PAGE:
We have to build densely – and where else can you find so much green between the buildings and on the facades? The project was started 10 years ago. At that time, another form of building was not yet feasible in terms of costs. We are now in the process of planning a ‘Biotope City 2.0’ in Vienna, sustainable, recyclable, again dense and, if fire protection permits, even more intensively greened. And the residents are to be given an active role in this, from consumers to ‘prosumers’.

Isn’t the fundamental problem (also in building) a socially and system-related wrong way of thinking? We only think about growth and profit maximisation, about money.
If everyone in the world lived the way we do here in the western industrialised countries, the earth’s entire resources would be used up in no time. Add to that climate change and rising sea levels. The part of the earth that can be used agriculturally and inhabited by humans will shrink. At the same time, the world population continues to grow strongly. This will result in migration flows, also to us in Europe. We will have to learn to reduce our standards.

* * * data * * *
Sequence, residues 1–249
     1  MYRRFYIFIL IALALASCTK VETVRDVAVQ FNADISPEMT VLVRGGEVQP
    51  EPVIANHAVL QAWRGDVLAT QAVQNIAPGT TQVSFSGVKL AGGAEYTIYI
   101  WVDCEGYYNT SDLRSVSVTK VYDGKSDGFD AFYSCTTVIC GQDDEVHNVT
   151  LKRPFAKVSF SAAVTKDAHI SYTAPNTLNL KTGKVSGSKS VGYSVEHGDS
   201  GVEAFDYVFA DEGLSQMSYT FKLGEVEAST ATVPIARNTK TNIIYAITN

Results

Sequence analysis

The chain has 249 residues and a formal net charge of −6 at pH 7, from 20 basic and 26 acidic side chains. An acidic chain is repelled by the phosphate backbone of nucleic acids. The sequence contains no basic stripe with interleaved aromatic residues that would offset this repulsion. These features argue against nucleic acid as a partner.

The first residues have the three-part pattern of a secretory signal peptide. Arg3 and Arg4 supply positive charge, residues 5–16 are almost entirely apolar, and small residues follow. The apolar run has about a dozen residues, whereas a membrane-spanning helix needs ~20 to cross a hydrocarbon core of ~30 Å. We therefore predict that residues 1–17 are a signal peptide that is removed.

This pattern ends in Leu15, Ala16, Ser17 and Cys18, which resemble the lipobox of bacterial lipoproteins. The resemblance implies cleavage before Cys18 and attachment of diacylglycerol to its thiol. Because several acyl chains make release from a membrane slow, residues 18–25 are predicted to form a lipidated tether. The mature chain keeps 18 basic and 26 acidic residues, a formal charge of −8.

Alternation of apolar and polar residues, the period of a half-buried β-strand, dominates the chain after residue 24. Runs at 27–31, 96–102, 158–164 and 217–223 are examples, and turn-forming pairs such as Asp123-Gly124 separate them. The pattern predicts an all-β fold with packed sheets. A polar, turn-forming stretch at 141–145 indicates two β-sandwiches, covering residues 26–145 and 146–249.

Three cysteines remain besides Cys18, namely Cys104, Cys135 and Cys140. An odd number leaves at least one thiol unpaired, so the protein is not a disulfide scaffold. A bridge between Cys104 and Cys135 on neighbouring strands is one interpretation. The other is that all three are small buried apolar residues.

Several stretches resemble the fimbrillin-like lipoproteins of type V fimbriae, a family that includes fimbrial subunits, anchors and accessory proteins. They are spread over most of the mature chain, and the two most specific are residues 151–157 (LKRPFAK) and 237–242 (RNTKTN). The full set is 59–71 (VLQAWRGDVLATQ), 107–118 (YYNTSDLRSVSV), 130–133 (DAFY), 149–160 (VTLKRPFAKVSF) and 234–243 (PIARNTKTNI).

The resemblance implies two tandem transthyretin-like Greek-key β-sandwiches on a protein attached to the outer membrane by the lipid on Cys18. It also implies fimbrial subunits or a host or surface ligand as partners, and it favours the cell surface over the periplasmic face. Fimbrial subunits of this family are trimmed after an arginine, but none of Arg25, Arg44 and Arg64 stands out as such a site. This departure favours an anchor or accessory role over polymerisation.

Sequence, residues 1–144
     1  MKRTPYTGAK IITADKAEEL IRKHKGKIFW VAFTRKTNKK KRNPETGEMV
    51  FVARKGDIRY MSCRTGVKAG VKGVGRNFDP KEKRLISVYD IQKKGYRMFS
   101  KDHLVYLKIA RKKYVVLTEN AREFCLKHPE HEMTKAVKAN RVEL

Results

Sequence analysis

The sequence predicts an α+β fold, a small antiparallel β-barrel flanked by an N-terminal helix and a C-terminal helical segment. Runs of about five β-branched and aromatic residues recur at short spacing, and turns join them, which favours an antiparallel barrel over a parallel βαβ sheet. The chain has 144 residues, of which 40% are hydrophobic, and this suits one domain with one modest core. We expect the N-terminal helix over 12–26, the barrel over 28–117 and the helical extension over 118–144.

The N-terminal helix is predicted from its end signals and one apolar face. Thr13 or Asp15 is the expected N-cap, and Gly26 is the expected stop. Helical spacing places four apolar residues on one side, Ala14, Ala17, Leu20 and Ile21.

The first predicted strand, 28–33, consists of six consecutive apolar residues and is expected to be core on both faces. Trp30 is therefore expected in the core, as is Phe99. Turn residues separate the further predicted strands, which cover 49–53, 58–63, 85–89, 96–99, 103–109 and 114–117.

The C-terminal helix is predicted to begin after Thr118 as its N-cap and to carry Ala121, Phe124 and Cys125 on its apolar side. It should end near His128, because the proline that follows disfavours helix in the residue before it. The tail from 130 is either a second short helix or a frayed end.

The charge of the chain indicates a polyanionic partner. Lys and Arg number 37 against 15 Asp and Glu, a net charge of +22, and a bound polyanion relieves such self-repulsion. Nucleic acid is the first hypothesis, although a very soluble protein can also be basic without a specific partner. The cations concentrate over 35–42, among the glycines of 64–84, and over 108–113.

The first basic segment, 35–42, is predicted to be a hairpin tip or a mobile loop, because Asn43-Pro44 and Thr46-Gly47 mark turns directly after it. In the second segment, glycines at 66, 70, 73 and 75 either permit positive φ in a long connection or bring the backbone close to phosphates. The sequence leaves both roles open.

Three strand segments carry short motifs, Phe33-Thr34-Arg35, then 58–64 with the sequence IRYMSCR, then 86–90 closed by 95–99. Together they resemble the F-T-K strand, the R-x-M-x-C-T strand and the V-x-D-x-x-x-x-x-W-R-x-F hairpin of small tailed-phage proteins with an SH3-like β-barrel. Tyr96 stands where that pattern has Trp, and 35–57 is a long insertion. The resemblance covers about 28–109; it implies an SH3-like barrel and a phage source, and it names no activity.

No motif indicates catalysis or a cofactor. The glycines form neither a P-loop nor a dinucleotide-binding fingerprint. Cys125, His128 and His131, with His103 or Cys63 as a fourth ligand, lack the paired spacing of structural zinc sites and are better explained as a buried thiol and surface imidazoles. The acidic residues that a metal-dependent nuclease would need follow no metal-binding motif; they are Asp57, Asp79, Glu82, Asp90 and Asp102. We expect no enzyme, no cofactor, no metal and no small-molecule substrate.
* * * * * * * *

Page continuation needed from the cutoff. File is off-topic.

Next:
Do you see a contradiction between the urban planners’ call for densification and Biotope City?
Not at all, on the contrary. Whereas in the past we could afford to expand into nature, now nature will expand into the dense city. Admittedly, we are not yet technically advanced enough to be able to green all surfaces without any problems. In the meantime, green roofs are under control. What has not been solved is vertical greening with regard to fire protection, despite the excellent manual from MA 22. We have to build very densely, green and sustainably in the future.
My dream is that we build a Biotope City largely out of wood. I hope that we will come a bit closer to this goal with the next neighborhood based on the concept of Biotope City, the Biotop Wildquell at Vienna, in planning at the moment.